A school student from London reflects on a young Swedish woman's protest to prevent the deportation of a man to Afghanistan.
By Ben Simanowitz
This week I watched the inspirational viral video of Elin Ersson, a lone Swedish student, who prevented the deportation of a man to Afghanistan. The bravery she showed by calmly refusing to sit down and let a crowded plane take off was remarkable. Her action not only demonstrated her initiative, courage and a sense of moral justice, but it also made me realise that direct action needn’t require a mass movement: that anyone – including myself - could have done what she did.
Elin expressed it well when she said: “I hope that people start questioning how their country treats refugees.” But it was her actions that spoke far louder than her words.
While many of us are aware of the appalling treatment of refugees by our governments, few of us have the motivation or bravery to act. Elin’s video shows that you don’t have to be a super hero to save a life. All of us are capable of taking action in the face of injustice.
With the increasing rise of authoritarian governments and upsurge of divisive politics, we have a responsibility to try and change the ways the world is currently being run if we are to curb human rights violations worldwide. The only way that this will be achieved is if people become more global in their perspectives and more vocal in their opposition to abuses. After all, when have governments and leaders ever given up anything unless pressured to do so?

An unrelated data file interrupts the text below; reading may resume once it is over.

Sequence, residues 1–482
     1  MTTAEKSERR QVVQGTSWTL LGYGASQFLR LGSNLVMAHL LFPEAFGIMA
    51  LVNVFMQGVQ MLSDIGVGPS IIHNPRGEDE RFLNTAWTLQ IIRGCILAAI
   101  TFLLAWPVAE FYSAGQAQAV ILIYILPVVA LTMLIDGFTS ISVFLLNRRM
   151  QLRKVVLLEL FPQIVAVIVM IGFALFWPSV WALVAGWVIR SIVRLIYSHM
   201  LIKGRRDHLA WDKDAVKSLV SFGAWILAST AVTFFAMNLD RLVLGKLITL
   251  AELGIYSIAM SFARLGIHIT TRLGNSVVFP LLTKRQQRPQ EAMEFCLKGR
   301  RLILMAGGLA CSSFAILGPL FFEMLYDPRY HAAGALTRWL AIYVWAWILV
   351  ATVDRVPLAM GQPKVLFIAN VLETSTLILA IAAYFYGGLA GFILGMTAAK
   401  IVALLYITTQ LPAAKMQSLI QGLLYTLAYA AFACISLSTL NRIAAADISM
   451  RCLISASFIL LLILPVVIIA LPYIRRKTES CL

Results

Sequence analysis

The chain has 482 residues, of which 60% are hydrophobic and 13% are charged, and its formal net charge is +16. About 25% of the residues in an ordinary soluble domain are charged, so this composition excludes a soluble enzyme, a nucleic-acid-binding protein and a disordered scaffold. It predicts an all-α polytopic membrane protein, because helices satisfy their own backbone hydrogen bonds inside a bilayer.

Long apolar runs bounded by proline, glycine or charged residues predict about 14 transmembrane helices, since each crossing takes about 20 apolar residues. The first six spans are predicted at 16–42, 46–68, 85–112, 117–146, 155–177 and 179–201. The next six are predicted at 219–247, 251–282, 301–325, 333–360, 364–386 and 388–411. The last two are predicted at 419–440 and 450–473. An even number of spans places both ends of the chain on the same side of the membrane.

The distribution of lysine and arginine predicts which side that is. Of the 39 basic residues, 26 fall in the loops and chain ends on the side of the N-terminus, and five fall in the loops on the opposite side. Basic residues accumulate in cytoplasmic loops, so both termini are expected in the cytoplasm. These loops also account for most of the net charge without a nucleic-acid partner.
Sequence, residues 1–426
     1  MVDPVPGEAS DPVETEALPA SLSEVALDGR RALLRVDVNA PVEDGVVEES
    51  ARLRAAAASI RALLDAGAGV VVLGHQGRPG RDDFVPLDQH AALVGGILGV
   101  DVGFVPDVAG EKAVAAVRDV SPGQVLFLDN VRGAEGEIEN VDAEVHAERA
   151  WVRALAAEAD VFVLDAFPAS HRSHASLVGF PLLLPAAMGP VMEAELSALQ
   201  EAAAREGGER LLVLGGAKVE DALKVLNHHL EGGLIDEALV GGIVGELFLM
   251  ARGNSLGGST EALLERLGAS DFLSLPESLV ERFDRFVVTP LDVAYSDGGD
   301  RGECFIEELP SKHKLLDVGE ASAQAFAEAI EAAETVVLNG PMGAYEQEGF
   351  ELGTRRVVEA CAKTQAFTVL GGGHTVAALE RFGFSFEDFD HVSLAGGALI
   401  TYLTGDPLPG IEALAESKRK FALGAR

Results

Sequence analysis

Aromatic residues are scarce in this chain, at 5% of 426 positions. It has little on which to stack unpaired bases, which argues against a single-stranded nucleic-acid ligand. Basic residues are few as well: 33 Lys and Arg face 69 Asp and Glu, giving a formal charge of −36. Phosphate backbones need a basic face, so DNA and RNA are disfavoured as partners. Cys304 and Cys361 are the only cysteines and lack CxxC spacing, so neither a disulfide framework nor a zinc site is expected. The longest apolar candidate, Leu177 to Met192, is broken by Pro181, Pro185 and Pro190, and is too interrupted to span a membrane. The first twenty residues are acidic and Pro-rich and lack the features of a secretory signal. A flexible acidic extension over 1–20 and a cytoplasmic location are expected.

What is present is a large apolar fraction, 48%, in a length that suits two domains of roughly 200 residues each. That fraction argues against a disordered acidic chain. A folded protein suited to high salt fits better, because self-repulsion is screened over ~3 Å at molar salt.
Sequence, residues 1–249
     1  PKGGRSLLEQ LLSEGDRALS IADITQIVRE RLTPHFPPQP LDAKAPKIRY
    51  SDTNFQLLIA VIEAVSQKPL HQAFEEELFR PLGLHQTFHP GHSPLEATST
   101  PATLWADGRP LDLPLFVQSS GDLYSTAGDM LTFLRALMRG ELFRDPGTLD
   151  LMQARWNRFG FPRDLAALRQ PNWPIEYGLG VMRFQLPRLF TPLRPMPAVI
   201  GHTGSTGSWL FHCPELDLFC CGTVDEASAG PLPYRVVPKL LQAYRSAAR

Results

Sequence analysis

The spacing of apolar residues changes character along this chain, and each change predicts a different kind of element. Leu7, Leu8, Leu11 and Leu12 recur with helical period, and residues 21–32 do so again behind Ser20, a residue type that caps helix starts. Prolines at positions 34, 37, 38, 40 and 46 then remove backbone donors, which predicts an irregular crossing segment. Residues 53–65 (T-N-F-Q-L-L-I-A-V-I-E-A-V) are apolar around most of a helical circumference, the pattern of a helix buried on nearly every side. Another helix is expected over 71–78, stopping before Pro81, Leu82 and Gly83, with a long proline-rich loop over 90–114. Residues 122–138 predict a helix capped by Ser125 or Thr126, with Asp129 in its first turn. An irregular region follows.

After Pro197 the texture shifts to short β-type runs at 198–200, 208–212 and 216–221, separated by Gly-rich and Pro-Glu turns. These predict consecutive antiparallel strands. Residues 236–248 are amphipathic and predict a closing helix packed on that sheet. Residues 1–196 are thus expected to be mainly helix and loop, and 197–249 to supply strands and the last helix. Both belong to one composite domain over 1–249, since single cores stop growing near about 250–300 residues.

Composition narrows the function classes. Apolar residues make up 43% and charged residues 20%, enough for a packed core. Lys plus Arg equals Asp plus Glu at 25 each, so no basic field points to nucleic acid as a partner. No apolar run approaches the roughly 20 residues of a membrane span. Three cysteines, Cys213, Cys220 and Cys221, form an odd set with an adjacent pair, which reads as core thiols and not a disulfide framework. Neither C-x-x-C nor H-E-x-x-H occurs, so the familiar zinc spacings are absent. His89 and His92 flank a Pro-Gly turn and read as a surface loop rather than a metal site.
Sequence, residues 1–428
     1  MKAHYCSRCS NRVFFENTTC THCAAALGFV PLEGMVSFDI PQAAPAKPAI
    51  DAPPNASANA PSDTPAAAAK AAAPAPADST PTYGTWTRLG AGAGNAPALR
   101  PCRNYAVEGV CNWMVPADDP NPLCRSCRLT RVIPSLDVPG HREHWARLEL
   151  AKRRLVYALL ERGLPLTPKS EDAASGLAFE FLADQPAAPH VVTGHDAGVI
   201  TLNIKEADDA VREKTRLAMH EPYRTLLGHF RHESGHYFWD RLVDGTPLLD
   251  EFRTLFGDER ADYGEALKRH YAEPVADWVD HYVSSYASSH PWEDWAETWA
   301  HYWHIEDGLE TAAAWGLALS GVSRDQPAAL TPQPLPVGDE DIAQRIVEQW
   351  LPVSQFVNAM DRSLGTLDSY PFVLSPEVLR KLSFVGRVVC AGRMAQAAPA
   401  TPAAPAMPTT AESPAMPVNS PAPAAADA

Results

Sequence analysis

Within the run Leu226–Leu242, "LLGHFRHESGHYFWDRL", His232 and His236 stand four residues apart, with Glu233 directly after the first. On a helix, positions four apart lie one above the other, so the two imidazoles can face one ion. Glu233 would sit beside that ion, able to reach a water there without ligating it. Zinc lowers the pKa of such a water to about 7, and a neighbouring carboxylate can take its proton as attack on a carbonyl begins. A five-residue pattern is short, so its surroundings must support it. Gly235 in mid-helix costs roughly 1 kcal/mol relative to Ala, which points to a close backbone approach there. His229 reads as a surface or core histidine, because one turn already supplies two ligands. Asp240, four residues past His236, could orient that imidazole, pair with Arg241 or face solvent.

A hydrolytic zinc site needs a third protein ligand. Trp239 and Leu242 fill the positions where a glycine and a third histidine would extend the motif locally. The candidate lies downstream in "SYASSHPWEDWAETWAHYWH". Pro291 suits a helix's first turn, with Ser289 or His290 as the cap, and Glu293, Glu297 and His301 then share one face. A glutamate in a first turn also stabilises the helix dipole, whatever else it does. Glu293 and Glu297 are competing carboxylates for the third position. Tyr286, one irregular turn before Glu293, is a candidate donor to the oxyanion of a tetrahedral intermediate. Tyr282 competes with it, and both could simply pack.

As the first true digital natives, my generation – the post-Millennials – have grown up with unlimited access to information. Some complain we are easily distracted: that our use of Snapchat, Instagram, Twitter and countless other Apps, means that we are not fully engaged with the world around us. Whilst there may be some truth in this, the digital age has also offered us the possibility of being more informed than any generation before us, and more aware of injustices around the world.
Nevertheless, the effectiveness and power of social media inevitably depends on those who are using it. In America, students from Parkland's Marjory Stoneman Douglas High School took charge of the gun control discussion after a shooting in their school. As Cameron Kasky, one of the students who started the #NeverAgain campaign, said: “the adults know that we are cleaning up their mess.”
Post-Millenials are clearly capable of stepping forward and collaboratively changing the world. With the help of social media we are sharing opinions, mobilizing and together we may yet help to transform the current appalling global state of human rights.
Elin Ersson’s actions are inspiring. Through them more people will hopefully be driven to become more actively engaged in issues rather than watching from the sidelines. Indeed, I would like to think Elin’s actions have given me more confidence to speak out and take action against injustice around me.
Ben Simanowitz is a 17-year-old secondary student from London.